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Casey Kasem & The Fight To Protect Local Radio Stations From Big Business Consolidation
"Casey Kasem and AT40 did not kill local radio. But more consolidation and national programming will." –Conversations In Advocacy #63
This week was National Radio Day—a day to celebrate non-profit radio stations and the small, independent radio stations that serve local communities. Almost 50 years ago, local radio was forever changed with the debut of "American Top 40," hosted by Casey Kasem. Casey was our first coast-to-coast DJ. AT40 aired on seven local radio stations in an era when local DJs ruled the broadcast airwaves.
Today, AT40 rocks on across 400 stations. Casey’s legacy is not just of top hits, but of a harbinger of things to come – consolidation and radio’s diminishing role as a local voice.
Is big radio getting bigger? https://t.co/2hTZbBJTCc
— GRAMMY Advocacy (@GRAMMYAdvocacy) December 6, 2018
Today, the top 20 radio companies own 2,750 radio stations—with many owning multiple stations in the same market. While there are still independent local stations and small ownership groups, the foundational idea that local radio stations should be local and diverse is cracking and, in some places, crumbling.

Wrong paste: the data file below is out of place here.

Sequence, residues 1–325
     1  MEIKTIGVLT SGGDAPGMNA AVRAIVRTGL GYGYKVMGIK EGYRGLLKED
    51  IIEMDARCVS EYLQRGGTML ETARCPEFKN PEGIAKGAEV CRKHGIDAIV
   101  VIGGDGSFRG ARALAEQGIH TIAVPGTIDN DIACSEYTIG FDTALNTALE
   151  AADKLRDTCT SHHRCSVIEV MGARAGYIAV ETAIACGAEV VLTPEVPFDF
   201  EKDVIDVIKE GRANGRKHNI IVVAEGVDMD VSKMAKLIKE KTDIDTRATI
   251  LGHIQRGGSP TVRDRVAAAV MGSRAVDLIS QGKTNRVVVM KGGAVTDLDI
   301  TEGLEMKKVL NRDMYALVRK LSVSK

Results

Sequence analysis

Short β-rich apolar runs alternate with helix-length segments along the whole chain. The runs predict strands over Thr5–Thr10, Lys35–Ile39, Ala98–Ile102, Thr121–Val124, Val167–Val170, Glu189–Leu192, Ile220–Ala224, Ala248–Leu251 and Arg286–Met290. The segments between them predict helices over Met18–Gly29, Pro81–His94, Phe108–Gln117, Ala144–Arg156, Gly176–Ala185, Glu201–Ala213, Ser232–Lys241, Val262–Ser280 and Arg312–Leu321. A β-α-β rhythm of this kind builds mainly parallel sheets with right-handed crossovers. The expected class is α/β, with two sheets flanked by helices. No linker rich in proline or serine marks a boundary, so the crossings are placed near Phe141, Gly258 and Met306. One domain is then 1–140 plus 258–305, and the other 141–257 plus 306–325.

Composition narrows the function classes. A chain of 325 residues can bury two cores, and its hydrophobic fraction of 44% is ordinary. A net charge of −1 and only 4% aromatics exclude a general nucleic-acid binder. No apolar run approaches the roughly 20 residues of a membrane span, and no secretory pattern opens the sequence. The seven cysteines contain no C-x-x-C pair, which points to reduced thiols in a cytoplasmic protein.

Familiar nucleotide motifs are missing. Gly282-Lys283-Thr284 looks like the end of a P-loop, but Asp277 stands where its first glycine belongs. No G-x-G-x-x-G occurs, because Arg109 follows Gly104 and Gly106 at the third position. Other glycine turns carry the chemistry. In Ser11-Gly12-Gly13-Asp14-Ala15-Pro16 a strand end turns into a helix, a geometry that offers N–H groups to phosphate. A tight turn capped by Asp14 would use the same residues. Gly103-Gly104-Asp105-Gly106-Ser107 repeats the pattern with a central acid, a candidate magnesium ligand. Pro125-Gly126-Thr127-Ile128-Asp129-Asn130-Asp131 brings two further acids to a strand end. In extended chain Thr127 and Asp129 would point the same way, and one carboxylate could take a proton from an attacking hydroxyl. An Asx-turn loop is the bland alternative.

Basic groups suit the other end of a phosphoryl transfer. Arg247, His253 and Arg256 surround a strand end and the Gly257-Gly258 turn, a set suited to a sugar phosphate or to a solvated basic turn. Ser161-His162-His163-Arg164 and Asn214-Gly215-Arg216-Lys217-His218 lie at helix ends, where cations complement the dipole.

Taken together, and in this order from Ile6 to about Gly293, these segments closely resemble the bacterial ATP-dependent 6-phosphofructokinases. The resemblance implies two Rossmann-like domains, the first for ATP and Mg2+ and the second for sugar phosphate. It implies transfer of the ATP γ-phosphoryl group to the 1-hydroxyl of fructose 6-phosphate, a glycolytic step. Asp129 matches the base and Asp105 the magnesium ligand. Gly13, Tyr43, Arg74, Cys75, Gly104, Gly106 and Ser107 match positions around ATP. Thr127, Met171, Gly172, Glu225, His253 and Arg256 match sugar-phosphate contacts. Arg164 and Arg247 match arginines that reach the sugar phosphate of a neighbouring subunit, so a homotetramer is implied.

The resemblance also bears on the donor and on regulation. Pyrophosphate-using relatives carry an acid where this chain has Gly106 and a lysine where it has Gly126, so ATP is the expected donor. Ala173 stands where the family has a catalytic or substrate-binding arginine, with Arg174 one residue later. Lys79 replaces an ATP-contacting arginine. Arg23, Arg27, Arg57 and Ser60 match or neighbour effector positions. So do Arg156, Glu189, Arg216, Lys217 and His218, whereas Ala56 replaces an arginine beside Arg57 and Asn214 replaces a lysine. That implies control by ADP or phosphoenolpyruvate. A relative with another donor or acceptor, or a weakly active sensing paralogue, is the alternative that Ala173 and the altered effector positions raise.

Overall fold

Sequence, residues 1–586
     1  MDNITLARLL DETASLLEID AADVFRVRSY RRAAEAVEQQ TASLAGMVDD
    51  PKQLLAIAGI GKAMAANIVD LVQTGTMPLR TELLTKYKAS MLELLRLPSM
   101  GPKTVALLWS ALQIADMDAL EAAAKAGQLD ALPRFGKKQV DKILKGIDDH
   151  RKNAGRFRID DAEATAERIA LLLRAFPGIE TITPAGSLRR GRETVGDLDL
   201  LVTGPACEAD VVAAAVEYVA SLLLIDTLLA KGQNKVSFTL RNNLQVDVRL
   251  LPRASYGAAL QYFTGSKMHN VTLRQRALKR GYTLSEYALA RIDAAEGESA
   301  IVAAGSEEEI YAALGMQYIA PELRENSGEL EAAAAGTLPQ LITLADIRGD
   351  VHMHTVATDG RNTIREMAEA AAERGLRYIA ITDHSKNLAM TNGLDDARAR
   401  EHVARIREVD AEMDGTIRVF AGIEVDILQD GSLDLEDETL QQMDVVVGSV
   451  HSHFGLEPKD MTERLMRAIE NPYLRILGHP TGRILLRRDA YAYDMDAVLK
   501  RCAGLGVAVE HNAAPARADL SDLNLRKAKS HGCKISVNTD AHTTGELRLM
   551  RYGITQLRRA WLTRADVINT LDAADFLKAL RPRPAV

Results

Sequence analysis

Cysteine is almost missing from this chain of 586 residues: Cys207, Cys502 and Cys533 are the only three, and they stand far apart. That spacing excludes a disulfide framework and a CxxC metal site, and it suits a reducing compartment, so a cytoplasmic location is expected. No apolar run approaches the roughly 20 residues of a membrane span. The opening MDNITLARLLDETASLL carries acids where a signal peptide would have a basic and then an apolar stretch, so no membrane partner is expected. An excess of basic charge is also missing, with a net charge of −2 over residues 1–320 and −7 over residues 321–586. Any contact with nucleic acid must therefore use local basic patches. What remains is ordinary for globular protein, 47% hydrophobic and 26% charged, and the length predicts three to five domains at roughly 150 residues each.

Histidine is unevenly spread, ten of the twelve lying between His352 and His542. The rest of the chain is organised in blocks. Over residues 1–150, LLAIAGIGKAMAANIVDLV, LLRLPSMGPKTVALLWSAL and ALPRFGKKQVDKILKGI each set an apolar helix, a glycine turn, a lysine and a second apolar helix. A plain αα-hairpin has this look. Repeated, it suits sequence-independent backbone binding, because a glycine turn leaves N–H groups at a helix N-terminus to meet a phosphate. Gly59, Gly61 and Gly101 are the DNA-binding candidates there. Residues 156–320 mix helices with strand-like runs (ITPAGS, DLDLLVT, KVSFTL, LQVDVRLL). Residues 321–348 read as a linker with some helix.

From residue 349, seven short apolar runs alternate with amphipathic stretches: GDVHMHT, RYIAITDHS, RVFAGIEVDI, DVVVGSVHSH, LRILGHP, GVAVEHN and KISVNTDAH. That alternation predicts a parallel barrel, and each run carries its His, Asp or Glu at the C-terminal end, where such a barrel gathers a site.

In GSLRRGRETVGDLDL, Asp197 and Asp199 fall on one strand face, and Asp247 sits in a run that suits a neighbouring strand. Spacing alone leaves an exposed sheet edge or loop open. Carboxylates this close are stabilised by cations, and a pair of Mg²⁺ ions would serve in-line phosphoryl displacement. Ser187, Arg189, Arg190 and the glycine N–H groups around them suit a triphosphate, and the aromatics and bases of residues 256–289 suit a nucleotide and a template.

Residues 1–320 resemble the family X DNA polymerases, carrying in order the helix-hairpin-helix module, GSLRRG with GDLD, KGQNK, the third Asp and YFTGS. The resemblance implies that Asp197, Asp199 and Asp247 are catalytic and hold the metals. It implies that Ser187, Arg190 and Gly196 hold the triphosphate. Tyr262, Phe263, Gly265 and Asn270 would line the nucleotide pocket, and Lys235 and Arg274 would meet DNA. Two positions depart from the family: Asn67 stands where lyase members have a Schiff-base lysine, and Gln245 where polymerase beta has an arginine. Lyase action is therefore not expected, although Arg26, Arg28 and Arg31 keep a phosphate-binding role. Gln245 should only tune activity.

Large radio holding companies, like iHeart Radio, know that they can make more money if they imitate and expand AT40’s programming model – one DJ and one playlist that air on multiple stations across the country. The homegrown DJ is being replaced with someone hundreds or thousands of miles away. Contests and giveaways supporting local businesses are replaced with national advertising spots. News about the local fair is replaced with celebrity gossip.
It’s not too late to stop this trend, but the clock is ticking.
Music creators love true local radio and want to help stop the rush to consolidation and national programming. That’s why creators have supported legislation that would ensure nominal, flat fees for local radio stations, small ownership groups, and community radio stations to clear the rights for the artists’ performance over the air and online.
As the National Association of Broadcasters' (@nabtweets) CEO testifies in hearings in the House and Senate, their motivation to protect #copyright becomes clear as a one-way streethttps://t.co/NPnIkiMSpz
— GRAMMY Advocacy (@GRAMMYAdvocacy) June 5, 2019
Unfortunately, the National Association of Broadcasters (NAB) has hypocritically opposed such legislation. Instead of working to help small stations, the NAB has been advocating to lift all remaining restrictions on how many radio stations a large holding company can own. If NAB were really concerned about local radio, it would be doing less to promote consolidation and more to help local radio stations, small ownership groups, and community radio stations stay strong and independent.
Casey Kasem and AT40 did not kill local radio. But more consolidation and national programming will.